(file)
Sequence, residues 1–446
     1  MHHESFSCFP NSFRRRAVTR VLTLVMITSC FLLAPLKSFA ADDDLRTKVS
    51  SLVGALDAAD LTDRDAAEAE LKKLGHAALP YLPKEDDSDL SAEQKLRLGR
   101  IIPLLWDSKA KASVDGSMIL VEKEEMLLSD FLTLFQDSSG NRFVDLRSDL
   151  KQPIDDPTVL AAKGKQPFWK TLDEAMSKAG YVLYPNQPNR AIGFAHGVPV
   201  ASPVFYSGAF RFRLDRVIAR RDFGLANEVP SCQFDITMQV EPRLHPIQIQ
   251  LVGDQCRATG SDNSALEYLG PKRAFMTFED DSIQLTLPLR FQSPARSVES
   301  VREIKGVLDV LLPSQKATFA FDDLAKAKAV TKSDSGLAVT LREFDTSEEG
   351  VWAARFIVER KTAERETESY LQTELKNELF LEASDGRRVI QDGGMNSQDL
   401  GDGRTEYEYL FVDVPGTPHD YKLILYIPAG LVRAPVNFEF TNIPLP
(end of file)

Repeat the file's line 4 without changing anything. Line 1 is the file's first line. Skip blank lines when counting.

   101  IIPLLWDSKA KASVDGSMIL VEKEEMLLSD FLTLFQDSSG NRFVDLRSDL